- Written by webmin
The pairing of the automobile and the narrow, teeming, crowded canyons of New York City is endlessly fascinating. The Standard Catalog lists 334 different manufacturers based in New York City (most of which, surely, built no more than one or two cars, if any), but beyond that, the Big Apple has a history of dealerships, driving, navigation, cab riding, and automotive legislation all its own.
But today, I’m more concerned with a little-known piece of that history, a place called the Murray Hill Garage, once located at 144-148 East 41st Street in Manhattan, about a block south of the Chrysler building (the Grand Central Plaza stands there today). As we can see from this circa mid-1930s photo from the New York Public Library (another view, from Third Avenue looking west, shows the location in 1936 from a slightly different angle), the garage was more a parking garage with basic services than a full-on repair garage, and it was situated immediately adjacent to the Kips Bay Garage. From poking around a bit on the New York Times archives, I see that it once was a stable, until it was converted into a garage in the late Teens. One of these days I’ll explain my specific interest in the Murray Hill Garage, but for now, I’m looking to see if anybody knows who exactly owned it, how long it existed, and what activities, if any, went on in the garage beyond the advertised lubricating and washing of cars.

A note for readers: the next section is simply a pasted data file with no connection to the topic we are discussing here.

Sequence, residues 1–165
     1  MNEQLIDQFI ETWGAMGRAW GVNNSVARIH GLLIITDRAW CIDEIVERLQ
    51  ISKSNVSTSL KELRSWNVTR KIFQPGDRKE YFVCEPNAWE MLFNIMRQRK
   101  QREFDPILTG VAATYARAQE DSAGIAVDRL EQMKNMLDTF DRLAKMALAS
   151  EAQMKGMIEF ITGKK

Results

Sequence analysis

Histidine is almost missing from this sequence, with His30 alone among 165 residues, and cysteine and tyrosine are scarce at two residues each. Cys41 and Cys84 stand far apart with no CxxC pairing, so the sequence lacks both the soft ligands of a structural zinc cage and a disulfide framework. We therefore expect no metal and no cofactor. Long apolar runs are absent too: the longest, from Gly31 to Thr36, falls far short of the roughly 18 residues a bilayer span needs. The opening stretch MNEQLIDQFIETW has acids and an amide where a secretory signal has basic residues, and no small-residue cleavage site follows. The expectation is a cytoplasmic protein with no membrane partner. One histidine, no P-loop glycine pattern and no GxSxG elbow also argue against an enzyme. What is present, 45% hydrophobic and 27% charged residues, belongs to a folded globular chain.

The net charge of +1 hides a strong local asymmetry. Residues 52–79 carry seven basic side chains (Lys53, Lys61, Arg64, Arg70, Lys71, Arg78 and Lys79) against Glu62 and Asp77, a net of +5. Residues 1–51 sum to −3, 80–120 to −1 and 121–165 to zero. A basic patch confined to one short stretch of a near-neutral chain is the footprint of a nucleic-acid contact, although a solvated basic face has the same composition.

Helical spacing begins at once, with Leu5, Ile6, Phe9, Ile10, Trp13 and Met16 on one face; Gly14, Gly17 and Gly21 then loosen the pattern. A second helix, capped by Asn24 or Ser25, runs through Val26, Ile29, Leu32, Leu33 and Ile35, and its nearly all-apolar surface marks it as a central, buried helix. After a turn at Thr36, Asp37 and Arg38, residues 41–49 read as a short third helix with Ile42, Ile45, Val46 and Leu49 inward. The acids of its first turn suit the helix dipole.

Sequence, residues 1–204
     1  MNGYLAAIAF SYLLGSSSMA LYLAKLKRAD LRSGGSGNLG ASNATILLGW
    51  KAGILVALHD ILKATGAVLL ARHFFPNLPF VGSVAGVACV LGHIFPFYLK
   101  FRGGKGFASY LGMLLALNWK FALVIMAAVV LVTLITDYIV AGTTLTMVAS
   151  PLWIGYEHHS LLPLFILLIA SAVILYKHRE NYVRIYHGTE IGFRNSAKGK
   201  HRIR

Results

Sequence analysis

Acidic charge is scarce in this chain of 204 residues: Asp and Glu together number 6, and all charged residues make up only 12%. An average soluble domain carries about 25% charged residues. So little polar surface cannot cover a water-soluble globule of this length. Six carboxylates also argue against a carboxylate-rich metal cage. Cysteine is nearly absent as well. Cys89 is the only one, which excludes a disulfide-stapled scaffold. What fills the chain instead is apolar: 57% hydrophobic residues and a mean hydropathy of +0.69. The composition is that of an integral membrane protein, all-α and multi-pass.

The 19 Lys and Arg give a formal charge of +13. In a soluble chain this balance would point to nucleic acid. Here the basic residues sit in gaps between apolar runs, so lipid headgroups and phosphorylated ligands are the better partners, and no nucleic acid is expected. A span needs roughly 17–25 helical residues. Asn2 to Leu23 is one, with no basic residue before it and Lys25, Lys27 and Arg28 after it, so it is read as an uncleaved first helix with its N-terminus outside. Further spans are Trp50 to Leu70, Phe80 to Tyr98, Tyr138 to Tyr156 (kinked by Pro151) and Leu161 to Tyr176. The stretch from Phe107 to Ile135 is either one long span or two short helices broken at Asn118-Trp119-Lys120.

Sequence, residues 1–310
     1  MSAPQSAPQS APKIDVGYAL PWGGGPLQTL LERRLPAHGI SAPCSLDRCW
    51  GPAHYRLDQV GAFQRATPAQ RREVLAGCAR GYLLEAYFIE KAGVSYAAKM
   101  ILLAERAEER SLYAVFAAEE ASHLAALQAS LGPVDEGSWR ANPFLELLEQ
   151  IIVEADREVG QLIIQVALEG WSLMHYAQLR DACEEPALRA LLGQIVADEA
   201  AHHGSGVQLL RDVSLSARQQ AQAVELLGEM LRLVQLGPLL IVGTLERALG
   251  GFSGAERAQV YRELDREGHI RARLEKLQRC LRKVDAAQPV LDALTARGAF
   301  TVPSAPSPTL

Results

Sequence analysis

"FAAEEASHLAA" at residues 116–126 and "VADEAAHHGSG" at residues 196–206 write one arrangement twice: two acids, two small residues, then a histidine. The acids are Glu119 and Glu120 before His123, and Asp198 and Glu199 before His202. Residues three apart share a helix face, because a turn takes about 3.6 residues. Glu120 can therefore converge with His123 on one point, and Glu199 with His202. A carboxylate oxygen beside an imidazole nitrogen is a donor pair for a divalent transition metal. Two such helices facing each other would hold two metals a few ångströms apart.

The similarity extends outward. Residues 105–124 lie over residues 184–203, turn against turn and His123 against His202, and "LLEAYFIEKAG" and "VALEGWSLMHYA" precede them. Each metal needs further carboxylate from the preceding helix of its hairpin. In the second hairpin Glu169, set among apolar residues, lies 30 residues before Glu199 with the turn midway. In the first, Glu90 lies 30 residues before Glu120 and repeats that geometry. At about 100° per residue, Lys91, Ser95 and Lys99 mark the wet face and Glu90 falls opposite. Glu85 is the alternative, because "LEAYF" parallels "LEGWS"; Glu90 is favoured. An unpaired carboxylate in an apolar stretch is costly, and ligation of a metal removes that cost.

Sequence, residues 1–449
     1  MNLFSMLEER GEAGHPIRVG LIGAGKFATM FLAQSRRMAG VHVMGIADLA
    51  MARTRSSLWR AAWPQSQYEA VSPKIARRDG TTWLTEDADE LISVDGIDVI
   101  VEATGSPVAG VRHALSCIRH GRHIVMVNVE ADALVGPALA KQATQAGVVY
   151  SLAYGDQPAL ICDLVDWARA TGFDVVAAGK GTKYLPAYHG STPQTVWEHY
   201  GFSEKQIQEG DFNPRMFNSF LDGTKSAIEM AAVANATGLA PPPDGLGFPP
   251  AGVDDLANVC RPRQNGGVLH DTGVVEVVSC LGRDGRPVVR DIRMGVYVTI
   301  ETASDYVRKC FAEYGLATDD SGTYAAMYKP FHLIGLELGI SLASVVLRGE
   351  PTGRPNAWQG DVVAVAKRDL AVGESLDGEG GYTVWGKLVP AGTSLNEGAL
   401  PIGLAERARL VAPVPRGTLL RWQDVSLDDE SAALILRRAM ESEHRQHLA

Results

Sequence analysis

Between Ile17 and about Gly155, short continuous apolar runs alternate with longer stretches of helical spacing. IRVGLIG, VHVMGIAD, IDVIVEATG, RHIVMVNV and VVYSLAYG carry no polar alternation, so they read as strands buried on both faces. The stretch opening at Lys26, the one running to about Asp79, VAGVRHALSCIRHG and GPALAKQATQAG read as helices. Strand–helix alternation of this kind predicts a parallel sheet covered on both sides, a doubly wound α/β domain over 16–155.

And, if you’re feeling rather plucky, how about a stab at identifying the cars in the above shot? (Right-click and open the link in a new window to see a much larger copy of the photo.)